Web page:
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Title: Development of platforms to dissect interactions between the transcriptional networks of chronic viral hepatitis B and Plasmodium parasite co-infections in the liver
Authors: Chang, Michael S.
Advisors: Ploss, Alexander
Department: Molecular Biology
Class Year: 2016
Abstract: espite significant progress in the last decade, malaria remains an important and difficult global health challenge, with over 438,000 deaths in the last year alone. Five species of the Plasmodium parasite, transmitted by the female Anopheles mosquito vector, cause malaria in humans. Most regions affected by malaria are also highly co-endemic with hepatitis B virus (HBV) infections, which affect over 240 million people worldwide. Malaria parasites and HBV both infect the liver, specifically at the hepatocyte level which serves as the obligate site for all human Plasmodium liver stage development and the unique host reservoir for HBV. Despite their high co-endemicity, little is known how these hepatotropic pathogens interact at the transcriptomic level or collectively influence host response and disease severity. Research efforts have been thwarted by a lack of reliable models that physiologically recapitulate and support hepatotropic infection in vivo. To this end, the Ploss Lab has developed the novel human liver chimeric FAH-/- NOD-Rag1-/-/IL-2Rγnull (FNRG) mouse model to study co-infections of the different human Plasmodium species and HBV. Given the tremendous logistical challenges with obtaining malaria parasites, we first sought to develop the scientific infrastructure for infecting FNRG mice with Plasmodium species. Here, we demonstrate established pipelines and procedures for dissecting mosquito salivary glands to obtain Plasmodium falciparum sporozoites, for infecting mice via live feeding of Plasmodium vivax-infected mosquitoes in Iquitos, Peru, and for quantifying relative parasite abundance of Plasmodium malariae and Plasmodium ovale in coinfected patients in Blantyre, Malawi. Furthermore, we demonstrate that the FNRG model is capable of supporting high levels of persistent HBV infection, which is a requisite for subsequent analysis of hepatotropic co-infections. In addition, to successfully visualize infection, we have developed indirect immunofluorescence assays for Plasmodium and HBV antigens and applied the fluorescent lipophilic dye DiR for tracing infection in vivo. Lastly, we have optimized a laser capture microdissection protocol to extract small numbers of cells for subsequent RNA quantification. These platforms, encompassing the diagnosis of malaria patients, generation of mosquitoes, development of sporozoites, infection of mice, quantification and visualization of viremia and parasitemia, and isolation of infected cells, demonstrate the vast potential of this framework toward the ultimate aim of characterizing the transcriptomic networks of malaria and HBV co-infections in the human liver.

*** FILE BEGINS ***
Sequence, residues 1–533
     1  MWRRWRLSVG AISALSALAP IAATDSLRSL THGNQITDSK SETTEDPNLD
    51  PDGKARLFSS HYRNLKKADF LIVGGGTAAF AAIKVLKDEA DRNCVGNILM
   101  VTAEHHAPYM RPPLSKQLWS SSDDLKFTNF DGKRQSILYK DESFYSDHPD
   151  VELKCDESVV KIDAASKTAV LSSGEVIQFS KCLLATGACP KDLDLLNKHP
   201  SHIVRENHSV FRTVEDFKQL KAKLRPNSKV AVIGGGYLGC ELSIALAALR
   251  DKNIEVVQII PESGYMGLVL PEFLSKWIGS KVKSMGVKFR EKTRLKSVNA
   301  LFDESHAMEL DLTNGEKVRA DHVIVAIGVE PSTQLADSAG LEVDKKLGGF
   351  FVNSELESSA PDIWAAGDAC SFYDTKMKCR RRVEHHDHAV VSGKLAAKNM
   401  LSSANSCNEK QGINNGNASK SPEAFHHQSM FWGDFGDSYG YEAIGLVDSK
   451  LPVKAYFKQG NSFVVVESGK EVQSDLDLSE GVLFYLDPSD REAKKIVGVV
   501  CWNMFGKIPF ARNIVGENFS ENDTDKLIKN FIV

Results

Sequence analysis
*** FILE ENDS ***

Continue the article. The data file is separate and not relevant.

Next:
Extent: 114 pages
Type of Material: Princeton University Senior Theses
Language: en_US
Appears in Collections:Molecular Biology, 1954-2024

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